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Pat, the nostalgic expat

PUBLISHED: 11:23 19 September 2008 | UPDATED: 21:19 05 July 2010

THE rise of the internet has made the world a smaller place. And for a former Lowestoft couple living on the other side of the world, that's been a boon and a blessing.

THE rise of the internet has made the world a smaller place. And for a former Lowestoft couple living on the other side of the world, that's been a boon and a blessing.

Patrick and Kathleen Larter have lived together in New Zealand for more than 50 years.

But despite being well over 11,000 miles away, they keep up to date with goings-on in their former home town thanks to The Journal's website.

Pat, born and bred in Ipswich, first met his Lowestoft-born wife at the Pier Pavilion, Felixstowe, in January 1949. They were married a year later and, after working in Ipswich and Nottinghamshire, an impulsive Pat responded to an advert seeking ex-servicemen for the Royal New Zealand Air Force.

“Back came the papers for us to complete, and, although we had three children by then, our application was successful and I was accepted into the medical branch. I arrived in New Zealand in September 1956 and my wife and children joined me 10 months later,” recalled Pat.

The couple were 27 and 28 at the time, and when they upped sticks they wondered if they would ever see their families in the UK again.

During an eventful career with the RNZAF, Pat was sent to Thailand, Singapore, Sarawak, and Sabah in 1964, and was one of the few Englishmen to serve in the Vietnam War - that was in 1967.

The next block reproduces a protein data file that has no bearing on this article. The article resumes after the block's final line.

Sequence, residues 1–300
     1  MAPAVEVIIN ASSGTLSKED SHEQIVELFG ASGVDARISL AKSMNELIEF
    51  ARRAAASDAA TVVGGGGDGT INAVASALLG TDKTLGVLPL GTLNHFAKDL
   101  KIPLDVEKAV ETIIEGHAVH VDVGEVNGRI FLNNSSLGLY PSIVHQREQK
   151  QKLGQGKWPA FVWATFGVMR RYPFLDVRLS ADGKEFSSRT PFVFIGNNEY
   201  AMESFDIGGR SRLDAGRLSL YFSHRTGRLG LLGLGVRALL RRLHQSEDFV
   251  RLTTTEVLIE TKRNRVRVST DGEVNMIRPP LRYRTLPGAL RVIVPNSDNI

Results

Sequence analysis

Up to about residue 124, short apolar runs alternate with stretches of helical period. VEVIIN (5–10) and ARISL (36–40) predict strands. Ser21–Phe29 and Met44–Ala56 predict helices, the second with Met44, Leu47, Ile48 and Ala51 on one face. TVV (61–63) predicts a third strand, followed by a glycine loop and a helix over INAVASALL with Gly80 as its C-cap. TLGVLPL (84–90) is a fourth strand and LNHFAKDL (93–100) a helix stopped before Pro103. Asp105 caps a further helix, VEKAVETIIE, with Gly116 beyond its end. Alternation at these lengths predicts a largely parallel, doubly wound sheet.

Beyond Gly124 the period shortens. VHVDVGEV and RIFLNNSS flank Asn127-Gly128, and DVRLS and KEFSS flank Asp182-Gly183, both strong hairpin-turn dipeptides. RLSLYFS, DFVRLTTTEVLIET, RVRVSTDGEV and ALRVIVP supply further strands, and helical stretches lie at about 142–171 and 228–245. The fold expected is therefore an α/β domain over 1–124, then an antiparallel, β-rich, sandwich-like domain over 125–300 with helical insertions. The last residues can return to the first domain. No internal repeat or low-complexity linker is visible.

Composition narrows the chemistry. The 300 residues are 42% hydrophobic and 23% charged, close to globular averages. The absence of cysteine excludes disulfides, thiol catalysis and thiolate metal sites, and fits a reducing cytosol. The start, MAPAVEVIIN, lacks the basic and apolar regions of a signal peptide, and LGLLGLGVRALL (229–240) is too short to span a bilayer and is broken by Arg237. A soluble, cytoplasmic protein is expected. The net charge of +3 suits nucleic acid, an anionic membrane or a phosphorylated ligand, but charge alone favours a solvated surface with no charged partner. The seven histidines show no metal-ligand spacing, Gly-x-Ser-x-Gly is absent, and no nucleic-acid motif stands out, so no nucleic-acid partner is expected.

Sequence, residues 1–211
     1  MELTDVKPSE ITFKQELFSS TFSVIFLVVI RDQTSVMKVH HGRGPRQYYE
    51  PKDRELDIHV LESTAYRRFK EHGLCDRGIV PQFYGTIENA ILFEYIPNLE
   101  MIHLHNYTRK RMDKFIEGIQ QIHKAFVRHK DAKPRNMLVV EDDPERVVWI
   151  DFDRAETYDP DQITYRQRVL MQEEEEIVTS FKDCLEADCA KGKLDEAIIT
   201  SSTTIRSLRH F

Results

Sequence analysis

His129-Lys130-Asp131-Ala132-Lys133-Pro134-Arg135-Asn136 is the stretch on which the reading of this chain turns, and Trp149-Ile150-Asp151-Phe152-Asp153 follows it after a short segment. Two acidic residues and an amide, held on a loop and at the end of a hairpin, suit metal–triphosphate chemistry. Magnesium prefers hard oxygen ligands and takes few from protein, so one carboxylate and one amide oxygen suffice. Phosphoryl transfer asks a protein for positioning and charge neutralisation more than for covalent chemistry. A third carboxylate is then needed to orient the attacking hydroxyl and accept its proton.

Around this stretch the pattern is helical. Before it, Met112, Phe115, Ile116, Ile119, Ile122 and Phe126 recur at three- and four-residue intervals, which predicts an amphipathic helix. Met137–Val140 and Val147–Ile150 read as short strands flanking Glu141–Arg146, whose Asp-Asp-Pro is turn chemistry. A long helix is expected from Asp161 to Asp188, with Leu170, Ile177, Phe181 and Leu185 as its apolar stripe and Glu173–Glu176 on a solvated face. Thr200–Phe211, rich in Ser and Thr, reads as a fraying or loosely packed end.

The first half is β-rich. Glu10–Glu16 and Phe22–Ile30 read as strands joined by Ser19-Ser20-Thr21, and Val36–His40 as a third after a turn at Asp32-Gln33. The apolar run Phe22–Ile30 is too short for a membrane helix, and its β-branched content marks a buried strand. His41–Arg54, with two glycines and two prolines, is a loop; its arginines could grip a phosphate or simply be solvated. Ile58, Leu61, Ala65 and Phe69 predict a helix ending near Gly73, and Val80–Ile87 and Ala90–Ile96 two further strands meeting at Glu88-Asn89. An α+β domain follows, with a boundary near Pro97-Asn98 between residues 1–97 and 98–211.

He returned to New Zealand in 1968, eventually leaving the air force in 1977 before working at the Christchurch Hospital for 14 years, and then as a welfare officer for the Returned Services Association. Pat finally retired last year, just a few days after his 79th birthday.

Describing his Lowestoft-born wife as the rock of his life, Pat said: “She did a great job holding the fort here in Christchurch when I was on various attachments.

“Since I got on the boat for New Zealand, life has certainly been different. Coming here in the 50s was like taking a walk back in time compared to UK. However, it all worked out well for us in the end and we now take things pretty quietly, enjoying nostalgic memories of Suffolk in general and Lowestoft in particular.”

Together, they have had seven children. Their eldest son died five years ago, but their three other sons still live in Christchurch, while their three daughters live in Auckland.

They keep in touch with events in Lowestoft both online and through Kathleen's sister, Ivy Baker, and sister-in-law, Irene Wood, who both still live in the town.

“We have been fortunate enough to achieve a couple of visits back home to see people and parts of the UK we had never been to before, helping us enjoy a blend of nostalgia and education,” said Pat.

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